Cash balance plans have become the latest cause célèbre of unions and Democratic legislators in Washington, D.C. In late September, the Senate conducted hearings to investigate allegations that the plans are discriminatory to older workers. In addition, the Internal Revenue Service has directed local offices to seek assistance from the national office before qualifying pending plans for tax-exempt status.
Some experts point out, however, that potential pension discrimination works both ways: back-loaded defined benefit plans have always discriminated against younger workers, women, and others who change jobs or leave the workforce. "Defined benefit plans were great, but not for a world in which people change jobs an average of nine times in their lives," says Richard Thau, president of Third Millennium, a Gen-X think tank.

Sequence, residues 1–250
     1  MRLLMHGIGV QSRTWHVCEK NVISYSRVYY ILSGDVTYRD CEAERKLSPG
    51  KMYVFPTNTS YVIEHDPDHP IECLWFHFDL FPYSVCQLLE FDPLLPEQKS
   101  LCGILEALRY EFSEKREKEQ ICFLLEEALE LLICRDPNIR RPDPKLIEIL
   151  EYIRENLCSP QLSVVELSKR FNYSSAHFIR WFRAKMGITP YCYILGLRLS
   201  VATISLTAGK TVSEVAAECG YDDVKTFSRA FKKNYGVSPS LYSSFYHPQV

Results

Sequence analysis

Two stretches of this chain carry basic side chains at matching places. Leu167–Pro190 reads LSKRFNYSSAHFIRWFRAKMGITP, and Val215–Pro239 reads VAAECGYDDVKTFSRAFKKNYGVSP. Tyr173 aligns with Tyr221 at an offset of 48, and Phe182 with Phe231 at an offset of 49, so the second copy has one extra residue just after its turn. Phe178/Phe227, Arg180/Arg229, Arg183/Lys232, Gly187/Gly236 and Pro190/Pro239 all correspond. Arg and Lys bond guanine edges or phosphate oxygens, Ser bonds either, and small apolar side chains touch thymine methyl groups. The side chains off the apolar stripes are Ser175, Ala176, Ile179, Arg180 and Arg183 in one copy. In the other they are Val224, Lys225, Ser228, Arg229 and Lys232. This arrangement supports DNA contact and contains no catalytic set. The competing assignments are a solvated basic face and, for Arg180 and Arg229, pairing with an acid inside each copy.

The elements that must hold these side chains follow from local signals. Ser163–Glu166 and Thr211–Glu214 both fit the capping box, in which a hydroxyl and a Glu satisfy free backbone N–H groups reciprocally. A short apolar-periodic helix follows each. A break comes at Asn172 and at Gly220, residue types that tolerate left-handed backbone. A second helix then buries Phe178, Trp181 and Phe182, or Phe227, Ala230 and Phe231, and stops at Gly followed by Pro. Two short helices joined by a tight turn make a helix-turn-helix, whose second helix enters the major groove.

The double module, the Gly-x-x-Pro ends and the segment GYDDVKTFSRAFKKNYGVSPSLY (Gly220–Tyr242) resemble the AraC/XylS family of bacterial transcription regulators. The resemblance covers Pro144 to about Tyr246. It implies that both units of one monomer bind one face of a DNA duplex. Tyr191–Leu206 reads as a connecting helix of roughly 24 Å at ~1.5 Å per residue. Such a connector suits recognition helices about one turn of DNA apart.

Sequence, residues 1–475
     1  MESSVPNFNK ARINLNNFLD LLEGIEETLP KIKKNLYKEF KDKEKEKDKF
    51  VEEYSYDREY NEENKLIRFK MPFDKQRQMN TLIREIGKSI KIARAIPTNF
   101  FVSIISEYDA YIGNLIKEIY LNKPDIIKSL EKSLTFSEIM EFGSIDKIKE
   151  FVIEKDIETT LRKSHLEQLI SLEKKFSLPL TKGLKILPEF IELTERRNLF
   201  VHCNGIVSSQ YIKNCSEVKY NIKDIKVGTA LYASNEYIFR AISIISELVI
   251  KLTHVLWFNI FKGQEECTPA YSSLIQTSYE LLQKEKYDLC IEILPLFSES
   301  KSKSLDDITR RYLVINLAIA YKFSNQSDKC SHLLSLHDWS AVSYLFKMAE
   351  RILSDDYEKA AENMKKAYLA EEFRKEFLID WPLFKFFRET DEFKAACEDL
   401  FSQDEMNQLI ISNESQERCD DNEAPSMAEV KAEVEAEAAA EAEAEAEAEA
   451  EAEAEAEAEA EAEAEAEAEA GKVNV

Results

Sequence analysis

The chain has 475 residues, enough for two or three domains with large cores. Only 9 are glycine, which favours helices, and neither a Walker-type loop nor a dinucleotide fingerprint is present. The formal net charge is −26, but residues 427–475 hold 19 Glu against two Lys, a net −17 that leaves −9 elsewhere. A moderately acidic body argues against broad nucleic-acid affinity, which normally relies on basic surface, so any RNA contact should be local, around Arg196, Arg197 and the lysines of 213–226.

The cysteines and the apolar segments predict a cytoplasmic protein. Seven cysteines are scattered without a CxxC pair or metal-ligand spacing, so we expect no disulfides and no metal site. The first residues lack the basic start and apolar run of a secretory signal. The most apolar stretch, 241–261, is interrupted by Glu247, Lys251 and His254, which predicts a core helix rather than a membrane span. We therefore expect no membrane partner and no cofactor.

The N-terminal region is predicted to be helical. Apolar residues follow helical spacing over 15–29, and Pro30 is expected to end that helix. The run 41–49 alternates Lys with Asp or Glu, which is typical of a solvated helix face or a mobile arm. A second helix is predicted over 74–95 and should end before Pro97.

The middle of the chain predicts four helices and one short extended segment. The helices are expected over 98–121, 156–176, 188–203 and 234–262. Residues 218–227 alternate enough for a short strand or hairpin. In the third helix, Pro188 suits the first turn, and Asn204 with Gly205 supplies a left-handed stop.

Many experts, like pension specialist Larry Sher of PricewaterhouseCoopers LLP, believe that if conversions are handled properly, cash balance will become the plan of choice. "If it weren't for these cash balance plans," he says, "sooner or later many of these firms would abandon defined benefits altogether."